A New Star and Experienced Champion Win at U.S. Open

By Jane Voigt

A new star was born yesterday when American Sloane Stephens won her first major title in women’s singles at the U.S. Open. Today, Rafael Nadal won his third U.S. Open and 16th major overall men’s singles championship. The dichotomy was just another quirky result in an overall unconventional U.S. Open. 

Sloane Stephens showed surprise as she clutched her U.S. Open trophy, and her first Grand Slam title. Photo credit Leslie Billman tennisclix.com. 

Sloane Stephens, ranked No. 83 in the world when the event began, provided the biggest chance to witness the birth of a new American tennis star not named Venus or Serena Williams. Stephens’ victory was miraculous, considering events that lead up to it. Out for 11 months with a foot injury, ranked No. 984 before the hard-court season began, and unseeded entering the tournament. In fact, the Florida native did not start hitting tennis balls with Coach Kamau Murray until May and that was while she sat on a table. 

“Impossible, I would say,” Stephens told ESPN, immediately after her defeat of Keys, 6-3, 6-0. 

“You always expect to play well and try hard and give a good effort, which she has been doing very consistently,” Murray said, as reported by The New York Times. So long as you do that, you put yourself in a position to win, but to win this many matches so soon … she’s blessed.”

The match was not a great one. Both women did not play their best throughout. Keys never seemed to settle in and unforced errors piled up like snow on New York streets in winter. Stephens was steady, efficient and fleet of foot. The match was over in 61 minutes.

Yet, the match was sport at its best: two up-coming athletic American women on the biggest stage in tennis. It was emotionally captivating, innocent in its purity of game, and what the U.S. Open needed to cap an otherwise uncharacteristic event. Stephens became the lowest-ranked player to win the U.S. Open title in the Open Era.

Stephens’ muted reaction to the win – the blank stare at the people in her player’s box – and then the sincere love and private conversation the two shared at the net as Madison cried on her friend’s shoulder filled the vast cavern of Arthur Ashe Stadium with an inexplicable energy rarely experienced at this big of an occasion. The afternoon became more about Stephens’ and Keys and the possibilities of what tennis can create, than it did about who won or lost. 

“I didn’t play my best tennis today and was disappointed, but Sloane, being the great friend she was, was very supportive,” Keys said inside Ashe. “If there is someone I have to lost to today, I’m glad it’s her.”

Sloane’s cute comments and shock when presented with a check for $3.7 million delighted fans and viewers worldwide. “That’s a lot of money,” she said, overcome by the payday jackpot. 

Stephens’ was asked in her post-match press conference if she was now hungry to win another slam. “Of course, girl. Did you see that check that lady handed me?”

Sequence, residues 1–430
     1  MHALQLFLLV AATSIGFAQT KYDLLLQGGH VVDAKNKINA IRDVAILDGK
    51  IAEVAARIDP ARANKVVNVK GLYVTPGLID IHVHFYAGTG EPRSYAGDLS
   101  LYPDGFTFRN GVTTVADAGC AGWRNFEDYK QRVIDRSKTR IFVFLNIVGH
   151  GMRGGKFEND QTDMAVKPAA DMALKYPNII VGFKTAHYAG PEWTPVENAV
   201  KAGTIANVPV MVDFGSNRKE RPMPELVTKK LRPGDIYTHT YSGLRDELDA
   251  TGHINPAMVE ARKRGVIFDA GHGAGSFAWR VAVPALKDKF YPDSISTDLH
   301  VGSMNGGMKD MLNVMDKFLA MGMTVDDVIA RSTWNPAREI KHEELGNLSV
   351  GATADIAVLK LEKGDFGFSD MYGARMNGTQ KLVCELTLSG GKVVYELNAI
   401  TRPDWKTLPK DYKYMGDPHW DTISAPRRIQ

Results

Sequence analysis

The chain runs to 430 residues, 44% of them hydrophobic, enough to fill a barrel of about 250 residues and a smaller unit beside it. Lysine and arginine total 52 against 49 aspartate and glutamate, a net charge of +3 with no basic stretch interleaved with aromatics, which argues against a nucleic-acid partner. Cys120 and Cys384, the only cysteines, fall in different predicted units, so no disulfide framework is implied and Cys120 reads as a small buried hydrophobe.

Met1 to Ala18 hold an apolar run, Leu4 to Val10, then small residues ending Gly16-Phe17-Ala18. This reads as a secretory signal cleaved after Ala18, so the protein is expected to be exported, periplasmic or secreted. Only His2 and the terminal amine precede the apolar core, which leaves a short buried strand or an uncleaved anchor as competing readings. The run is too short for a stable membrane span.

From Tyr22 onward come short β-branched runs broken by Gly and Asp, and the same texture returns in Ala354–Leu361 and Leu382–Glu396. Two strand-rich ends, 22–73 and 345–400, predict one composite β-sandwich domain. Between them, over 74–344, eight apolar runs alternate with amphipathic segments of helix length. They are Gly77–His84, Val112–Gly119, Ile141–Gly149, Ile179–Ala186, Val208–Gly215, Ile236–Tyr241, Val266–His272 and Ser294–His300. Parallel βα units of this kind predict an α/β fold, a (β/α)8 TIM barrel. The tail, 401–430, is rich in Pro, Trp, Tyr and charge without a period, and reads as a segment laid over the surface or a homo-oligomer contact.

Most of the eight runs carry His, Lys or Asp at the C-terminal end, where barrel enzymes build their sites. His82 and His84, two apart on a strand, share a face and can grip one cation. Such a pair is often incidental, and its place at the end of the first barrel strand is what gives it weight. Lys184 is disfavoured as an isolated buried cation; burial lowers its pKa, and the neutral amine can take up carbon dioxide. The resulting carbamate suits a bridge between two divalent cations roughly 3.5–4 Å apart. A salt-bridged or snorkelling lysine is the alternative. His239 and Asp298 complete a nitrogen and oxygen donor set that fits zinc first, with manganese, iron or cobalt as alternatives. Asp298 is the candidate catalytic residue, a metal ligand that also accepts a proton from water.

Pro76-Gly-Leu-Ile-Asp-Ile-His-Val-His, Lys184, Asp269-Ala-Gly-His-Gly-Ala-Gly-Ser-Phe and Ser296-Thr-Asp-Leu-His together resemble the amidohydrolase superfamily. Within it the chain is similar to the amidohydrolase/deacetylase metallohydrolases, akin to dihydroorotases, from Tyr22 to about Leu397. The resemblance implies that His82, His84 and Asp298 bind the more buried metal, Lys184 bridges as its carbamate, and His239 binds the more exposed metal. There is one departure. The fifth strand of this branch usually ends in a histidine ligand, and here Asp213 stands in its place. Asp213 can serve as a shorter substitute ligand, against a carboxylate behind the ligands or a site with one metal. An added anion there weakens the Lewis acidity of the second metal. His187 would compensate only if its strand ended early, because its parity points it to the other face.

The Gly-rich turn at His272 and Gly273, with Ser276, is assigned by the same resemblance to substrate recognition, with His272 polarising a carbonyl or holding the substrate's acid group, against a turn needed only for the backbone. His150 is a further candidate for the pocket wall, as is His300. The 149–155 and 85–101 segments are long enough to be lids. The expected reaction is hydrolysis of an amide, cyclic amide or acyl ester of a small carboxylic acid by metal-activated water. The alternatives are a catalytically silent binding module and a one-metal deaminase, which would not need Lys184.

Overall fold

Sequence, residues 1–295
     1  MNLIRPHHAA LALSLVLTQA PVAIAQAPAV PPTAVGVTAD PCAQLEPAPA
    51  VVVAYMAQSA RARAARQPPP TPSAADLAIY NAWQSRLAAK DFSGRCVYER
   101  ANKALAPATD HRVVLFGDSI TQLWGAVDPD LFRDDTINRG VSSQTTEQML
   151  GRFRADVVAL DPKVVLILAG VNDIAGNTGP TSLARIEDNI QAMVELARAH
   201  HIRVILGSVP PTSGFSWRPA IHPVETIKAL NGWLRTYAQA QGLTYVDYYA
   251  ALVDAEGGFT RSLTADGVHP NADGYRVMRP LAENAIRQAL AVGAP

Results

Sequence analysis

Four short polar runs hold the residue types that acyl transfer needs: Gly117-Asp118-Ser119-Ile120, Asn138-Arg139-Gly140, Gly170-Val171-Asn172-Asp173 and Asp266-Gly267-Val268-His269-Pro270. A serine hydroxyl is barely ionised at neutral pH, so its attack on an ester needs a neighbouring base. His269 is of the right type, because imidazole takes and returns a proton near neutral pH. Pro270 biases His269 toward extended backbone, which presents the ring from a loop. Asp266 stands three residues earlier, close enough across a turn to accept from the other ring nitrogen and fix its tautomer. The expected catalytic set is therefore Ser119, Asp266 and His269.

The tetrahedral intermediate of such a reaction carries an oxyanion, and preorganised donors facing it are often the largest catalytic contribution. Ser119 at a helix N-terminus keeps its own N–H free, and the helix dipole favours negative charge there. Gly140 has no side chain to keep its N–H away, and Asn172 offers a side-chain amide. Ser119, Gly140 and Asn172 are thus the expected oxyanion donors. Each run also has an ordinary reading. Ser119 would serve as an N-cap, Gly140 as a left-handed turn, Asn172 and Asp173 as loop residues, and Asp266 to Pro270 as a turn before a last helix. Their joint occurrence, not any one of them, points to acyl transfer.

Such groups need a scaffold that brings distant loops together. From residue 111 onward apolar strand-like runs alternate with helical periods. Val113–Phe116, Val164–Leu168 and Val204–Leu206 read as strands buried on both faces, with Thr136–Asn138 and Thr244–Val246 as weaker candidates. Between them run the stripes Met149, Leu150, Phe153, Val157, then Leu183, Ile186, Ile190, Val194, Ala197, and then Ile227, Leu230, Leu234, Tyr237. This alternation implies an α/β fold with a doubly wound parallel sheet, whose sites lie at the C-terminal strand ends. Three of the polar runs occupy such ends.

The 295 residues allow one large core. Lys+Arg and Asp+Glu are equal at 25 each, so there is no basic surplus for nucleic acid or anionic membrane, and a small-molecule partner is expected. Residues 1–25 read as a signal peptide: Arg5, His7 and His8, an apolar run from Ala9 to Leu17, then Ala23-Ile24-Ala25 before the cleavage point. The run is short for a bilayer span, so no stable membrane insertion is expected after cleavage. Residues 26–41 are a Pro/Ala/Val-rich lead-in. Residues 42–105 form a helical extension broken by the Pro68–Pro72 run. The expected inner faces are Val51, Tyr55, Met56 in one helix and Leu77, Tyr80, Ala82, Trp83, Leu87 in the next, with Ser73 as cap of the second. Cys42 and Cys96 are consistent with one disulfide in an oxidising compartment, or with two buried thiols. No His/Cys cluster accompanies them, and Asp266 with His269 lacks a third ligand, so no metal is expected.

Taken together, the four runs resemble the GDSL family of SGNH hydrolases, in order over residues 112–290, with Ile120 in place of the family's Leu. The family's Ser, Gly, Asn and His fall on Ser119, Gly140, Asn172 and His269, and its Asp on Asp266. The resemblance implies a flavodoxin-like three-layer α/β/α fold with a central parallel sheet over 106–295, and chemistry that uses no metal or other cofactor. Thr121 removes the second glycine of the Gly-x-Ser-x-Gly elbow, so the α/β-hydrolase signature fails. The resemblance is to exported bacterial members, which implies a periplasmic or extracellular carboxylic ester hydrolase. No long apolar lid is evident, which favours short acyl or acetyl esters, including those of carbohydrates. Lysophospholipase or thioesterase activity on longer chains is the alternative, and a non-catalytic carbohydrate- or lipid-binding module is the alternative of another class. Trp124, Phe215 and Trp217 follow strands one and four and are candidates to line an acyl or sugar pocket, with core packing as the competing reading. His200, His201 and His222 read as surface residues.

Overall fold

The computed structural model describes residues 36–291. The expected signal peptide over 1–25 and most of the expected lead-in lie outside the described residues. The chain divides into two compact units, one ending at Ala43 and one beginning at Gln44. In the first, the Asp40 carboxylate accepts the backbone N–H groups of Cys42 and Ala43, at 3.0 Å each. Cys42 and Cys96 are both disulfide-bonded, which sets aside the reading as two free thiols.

Fact is, Stephens has never lost a final. She is a perfect 5-0. And her tennis ability is of a caliber that should win her multiple major titles. “I’m going to be seeded at tournaments again,” she said. “It’s so exciting, right? How things change so quickly.”

Rafael Nadal dominated on serve today, as he won his third U.S. Open title and 16th major overall. Anderson, at six-foot-eight, was supposed to have won the serving contest.
Photo credit Leslie Billman tennisclix.com.

But the status quo prevailed on the men’s side. Fifty of 51 men’s singles slam finals, including this U.S. Open, have featured one the Big Four: Rafael Nadal, Roger Federer, Novak Djokovic and Andy Murray. And, as of today, another one has made history: Rafael Nadal (No.1). He defeated first-time finalist Kevin Anderson (No. 28), 6-3, 6-4, 6-4. That means one of the Big Four have captured 46 of the last 51 major singles titles.

“After a couple years of injuries and not playing good, this season has been emotional,” Nadal said, during the awards presentation. “The crowd here is unbelievable. Make me feel so happy. I feel a little bit like at home.”

Nadal had won the Open in 2010 and 2013. Today was his fourth Open final.

Kevin Anderson of South Africa, playing in his inaugural Grand Slam final at 31.
Photo credit Leslie Billman tennisclix.com.

“Congratulations, Rafa,” Anderson said on court. “You’ve been an idol of mine. You’re one of the greatest ambassadors of our sport.”

Nadal was making his 23rd appearance in a slam final, second only to Federer with 29. The Spaniard had not won a hard-court title since January, 2014, at the Qatar Open. His victory today will be marked with a few distracting facts. He never met a player ranked under 50 until the semifinal, when he defeated Juan Martin del Potro (No. 24). Additionally, Nadal did not beat a top-ten competitor throughout the tournament, which is a first for a men’s Grand Slam champion in the Open Era. 

Yet nothing can take away the fact that Nadal fiercely worked his way through the top section of the draw, the one that proved to be more difficult. He won 7 rounds, which is what it takes to win $3.7 million. After being handed the envelope, Nadal folded it in half and stuck it in his pocket. It was as if the money was secondary to winning, which captures Nadal perfectly. The man who gives his all, 100% of the time. 




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